Long Term

The research regarding the long term effects of consistent running is insane. To name a few of the more notable attributes, chronic runners (over time) tend to increase their chances of preserving their memory, access better learning ability, and slow down the cognitive decline that comes with aging.

Sound too good to be true? It kind of does, but then again there’s science to back it up.

To break it down, running has been found to increase the rate of neurogenesis. Neurogenesis (according to the University of Queensland) is the process in which new neurons are formed in the brain. To get more specific, the region of the brain in which neurogenesis most prevalently occurs during running is in the hippocampus, which is the area associated with learning and memory. Therefore, chronic runners can increase their chances of keeping their mind sharp and alert, and at the same time, fighting off that natural mental decline that comes with old age.


In touching on the physical and mental health benefits of running, there was something that we never once mentioned – the fact that running is hard. And if you’re just starting out, it’s easy to feel that physical discomfort and throw in the towel as quickly as you begin. However, I’m here to tell you about the beauty in sticking with it. And the rich, soul-stirring experience hidden in the weeds of persistence and endurance that can be uncovered through pounding the pavement and trails.

Running has a unique way of providing us with a sense of accomplishment and fulfillment. How so? Because it is difficult. Since it’s difficult, it means we have to earn every run. Since we have to earn every run, there is greater meaning involved. In particular, a sense of reward from accomplishing and achieving a task that is tough. When you feel like you’ve accomplished something hard, it becomes very fulfilling to your spirit. After all, in order to get it done, you had to put in the work. The very real, very gritty work.

This is why people get hooked.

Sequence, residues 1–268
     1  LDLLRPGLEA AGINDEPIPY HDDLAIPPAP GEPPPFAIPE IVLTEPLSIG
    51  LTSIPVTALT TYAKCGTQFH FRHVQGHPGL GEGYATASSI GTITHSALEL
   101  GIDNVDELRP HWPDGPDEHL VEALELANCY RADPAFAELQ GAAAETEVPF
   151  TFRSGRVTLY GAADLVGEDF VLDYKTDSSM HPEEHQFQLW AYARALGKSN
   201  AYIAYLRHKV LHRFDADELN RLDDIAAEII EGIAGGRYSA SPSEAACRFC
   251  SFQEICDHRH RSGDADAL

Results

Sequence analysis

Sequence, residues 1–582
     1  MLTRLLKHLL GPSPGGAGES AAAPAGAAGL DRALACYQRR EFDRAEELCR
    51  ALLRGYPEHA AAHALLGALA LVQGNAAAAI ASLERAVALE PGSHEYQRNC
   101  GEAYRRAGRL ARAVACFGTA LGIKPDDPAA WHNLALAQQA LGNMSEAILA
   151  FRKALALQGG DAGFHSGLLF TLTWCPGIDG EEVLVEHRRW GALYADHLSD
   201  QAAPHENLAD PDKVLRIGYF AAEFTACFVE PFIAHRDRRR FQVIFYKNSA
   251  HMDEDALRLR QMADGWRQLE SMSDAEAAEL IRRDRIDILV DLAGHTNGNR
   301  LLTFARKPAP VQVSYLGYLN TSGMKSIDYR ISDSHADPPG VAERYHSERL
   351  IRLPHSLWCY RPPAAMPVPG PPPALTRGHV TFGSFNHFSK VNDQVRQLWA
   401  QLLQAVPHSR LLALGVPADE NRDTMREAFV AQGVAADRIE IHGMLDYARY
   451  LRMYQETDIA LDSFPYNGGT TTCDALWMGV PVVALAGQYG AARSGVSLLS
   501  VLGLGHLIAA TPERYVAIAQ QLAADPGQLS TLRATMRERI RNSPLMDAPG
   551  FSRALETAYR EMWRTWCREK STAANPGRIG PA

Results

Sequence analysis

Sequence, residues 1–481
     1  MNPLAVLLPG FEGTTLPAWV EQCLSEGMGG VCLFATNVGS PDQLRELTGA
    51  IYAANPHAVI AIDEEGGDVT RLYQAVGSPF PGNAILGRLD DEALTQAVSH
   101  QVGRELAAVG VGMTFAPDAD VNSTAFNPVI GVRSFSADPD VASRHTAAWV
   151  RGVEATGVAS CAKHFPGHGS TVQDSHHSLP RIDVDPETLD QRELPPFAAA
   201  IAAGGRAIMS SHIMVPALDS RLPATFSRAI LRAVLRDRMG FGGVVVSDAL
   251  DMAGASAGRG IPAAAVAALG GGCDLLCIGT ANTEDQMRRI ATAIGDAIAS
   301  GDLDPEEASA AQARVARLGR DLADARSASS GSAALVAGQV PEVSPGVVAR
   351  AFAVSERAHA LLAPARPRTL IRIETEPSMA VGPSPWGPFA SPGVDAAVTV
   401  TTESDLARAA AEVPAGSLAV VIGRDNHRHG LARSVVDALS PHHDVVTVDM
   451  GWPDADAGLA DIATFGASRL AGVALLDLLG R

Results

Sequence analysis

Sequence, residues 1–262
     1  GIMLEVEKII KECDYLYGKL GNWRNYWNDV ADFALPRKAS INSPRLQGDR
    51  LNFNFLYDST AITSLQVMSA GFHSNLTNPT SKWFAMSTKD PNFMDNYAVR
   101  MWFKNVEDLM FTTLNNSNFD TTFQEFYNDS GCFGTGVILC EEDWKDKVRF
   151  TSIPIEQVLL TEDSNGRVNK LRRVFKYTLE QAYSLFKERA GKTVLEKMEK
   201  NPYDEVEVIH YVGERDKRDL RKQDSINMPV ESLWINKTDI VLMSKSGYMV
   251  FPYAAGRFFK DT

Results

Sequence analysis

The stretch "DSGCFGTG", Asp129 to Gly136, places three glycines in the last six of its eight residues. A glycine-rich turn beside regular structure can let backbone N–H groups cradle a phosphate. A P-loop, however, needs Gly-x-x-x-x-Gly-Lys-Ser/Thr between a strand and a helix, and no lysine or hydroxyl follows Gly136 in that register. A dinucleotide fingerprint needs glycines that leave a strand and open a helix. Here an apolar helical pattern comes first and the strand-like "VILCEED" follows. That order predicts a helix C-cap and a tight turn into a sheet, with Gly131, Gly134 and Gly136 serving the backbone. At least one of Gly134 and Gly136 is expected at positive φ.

The more we endure, the more we will feel this sense of accomplishment and fulfillment. Alas, a whole new relationship with suffering is born. Runners know that suffering doesn’t have to be a bad thing. In fact, it can be exhilarating and rewarding. It shows us that we can push our body’s limits and open up a whole new world of wonder and excitement. A world that does, indeed, uncover what we’re really capable of.

Which is exactly what leads us to our final point.


No, running alone is not going to cure you of all your ailments. Let’s get that straight. It’s not a magic pill, but it does create momentum.

Positive momentum.

Finding out the above attributes are great. But the greatest, most strangest reward? These same attributes are not just fleeting benefits that come and go with each run. They actually bleed into other areas of your life as well.

Intimidating and impossible goals are now more manageable than ever before. Tough things don’t seem as tough anymore. Why? Because you’re tough. You’re getting tough. With each hard run and healthy habit you pick up, another dragon gets slayed.

But it’s a process. Growth is a process. It takes a little time.

I understand that people tend to want things done yesterday. We live in the age of immediate gratification. The elusive ‘quick fix’ is tempting, but mostly unrealistic. Yes, having to wait for results is a drag. Tom Petty told us that when he let us know that “the waiting is the hardest part.”

And though Mr. Petty was right, the most important things take some time to figure out. So don’t fight the process. Instead, lean in to it. Accept this is your journey and give yourself the grace to be patient on the route to self-discovery.

Remember, there is no race when it comes to self-discovery. There is no finish line, either. It is a timeless expedition that will be unique to you, and only you. Everyone’s process will look different. Therefore, whatever you do, don’t compare and despair your journey to others. Always focus on your personal growth, and the rest will take care of itself.

So I guess if I were to summarize everything in a couple sentences, it’d be this:

Running opens the doors to your inner self. Then that inner work will begin to project outward to the rest of the world.

Let it shine.